CfP: Precarious housing, health and wellbeing. Global Discourse, volume 11, issue 3

Call for papers: Precarious housing, health and wellbeing. Global Discourse, volume 11, issue 3

Edited by Kelly Greenop (k.greenop1@uq.edu.au) and Johanna Brugman Alvarez (j.brugmanalvarez@uq.edu.au), School of Architecture, The University of Queensland
Housing is amongst the most fundamental of human needs. Housing is enshrined as one of the universal rights to which all humans are entitled, and is correlated with the standards of residents’ health, education, mobility, safety, social connection and overall wellbeing. Nonetheless, housing has reduced in quality, affordability and availability over recent decades enabling a crisis across the globe. In cities around the world, housing has become a means of parking excess global capital, resulting in its use value as shelter for citizens becoming a secondary, and often unfulfilled objective. Particular groups are vulnerable within these changed settings – young adults, children, University students, disabled people, slum dwellers, Indigenous peoples, refugees and migrant populations, and older single women and men. Most of these vulnerable groups experience housing precariousness of some sort including overcrowding, lack of basic services, exposure to landslides and other natural disasters, unaffordable mortgage and rent repayments, debt, insecurity of tenure, domestic violence, limited and inappropriate housing types and design, and isolation. Housing precariousness is then correlated with people’s physical, emotional and mental health and well-being and directly impacts on collective efforts to create sustainable and just cities such as the Sustainable Development Goals (SDGs). This issue will draw together analyses of various modalities of housing precariousness experienced by vulnerable groups in the global North and South, in which the impacts on the specific population groups’ health and wellbeing, informal and formal strategies used by these groups to adapt and improve housing, health and well-being outcomes, and governance approaches to remedy the structural causes of this issue, are key topics. Specific issues for examination include:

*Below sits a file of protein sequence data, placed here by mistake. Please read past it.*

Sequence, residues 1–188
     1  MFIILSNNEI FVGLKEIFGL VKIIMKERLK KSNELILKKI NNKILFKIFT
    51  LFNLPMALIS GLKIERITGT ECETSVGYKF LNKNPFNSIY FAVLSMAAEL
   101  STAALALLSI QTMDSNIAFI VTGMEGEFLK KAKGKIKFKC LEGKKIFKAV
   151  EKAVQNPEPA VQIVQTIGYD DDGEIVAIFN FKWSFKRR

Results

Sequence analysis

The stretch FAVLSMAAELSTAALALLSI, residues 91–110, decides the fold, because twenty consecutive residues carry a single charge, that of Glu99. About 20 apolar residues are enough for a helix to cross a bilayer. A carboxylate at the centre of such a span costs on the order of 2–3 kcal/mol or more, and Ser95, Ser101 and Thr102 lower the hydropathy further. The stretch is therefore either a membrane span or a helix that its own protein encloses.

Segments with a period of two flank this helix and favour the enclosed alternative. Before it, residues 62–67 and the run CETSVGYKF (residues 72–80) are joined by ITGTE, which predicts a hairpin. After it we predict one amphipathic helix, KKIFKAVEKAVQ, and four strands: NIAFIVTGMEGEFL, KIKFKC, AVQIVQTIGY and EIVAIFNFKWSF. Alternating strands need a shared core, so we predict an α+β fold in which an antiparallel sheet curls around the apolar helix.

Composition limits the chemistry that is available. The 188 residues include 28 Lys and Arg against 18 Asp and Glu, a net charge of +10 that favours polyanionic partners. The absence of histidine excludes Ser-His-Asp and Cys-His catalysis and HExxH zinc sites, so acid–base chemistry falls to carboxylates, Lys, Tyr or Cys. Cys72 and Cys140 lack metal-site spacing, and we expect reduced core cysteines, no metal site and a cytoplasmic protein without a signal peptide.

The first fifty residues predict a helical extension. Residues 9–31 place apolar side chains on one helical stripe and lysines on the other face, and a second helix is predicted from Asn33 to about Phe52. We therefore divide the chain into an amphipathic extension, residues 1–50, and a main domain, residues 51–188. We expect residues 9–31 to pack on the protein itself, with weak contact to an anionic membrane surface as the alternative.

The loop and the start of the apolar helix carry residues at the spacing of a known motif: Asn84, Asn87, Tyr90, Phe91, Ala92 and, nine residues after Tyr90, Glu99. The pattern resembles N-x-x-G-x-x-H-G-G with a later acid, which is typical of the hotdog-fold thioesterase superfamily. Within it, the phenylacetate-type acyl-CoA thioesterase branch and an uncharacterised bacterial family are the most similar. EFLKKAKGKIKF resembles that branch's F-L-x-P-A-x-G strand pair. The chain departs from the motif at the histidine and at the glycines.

• Young adults
  • Older women
  • People with disabilities
  • Indigenous peoples
  • Refugees and migrants
  • Low income groups/social housing
  • Global South (disasters and climate change)

Submission instructions and deadlines. Abstracts of 400 words: 1 February 2020. Articles (solicited on the basis of review of abstracts): 1 July 2020. Publication: Summer 2021
Instructions for authors. Please submit by email all abstracts and articles to Johanna Brugman Alvarez (j.brugmanalvarez@uq.edu.au).
Further details: https://bristoluniversitypress.co.uk/journals/global-discourse/about

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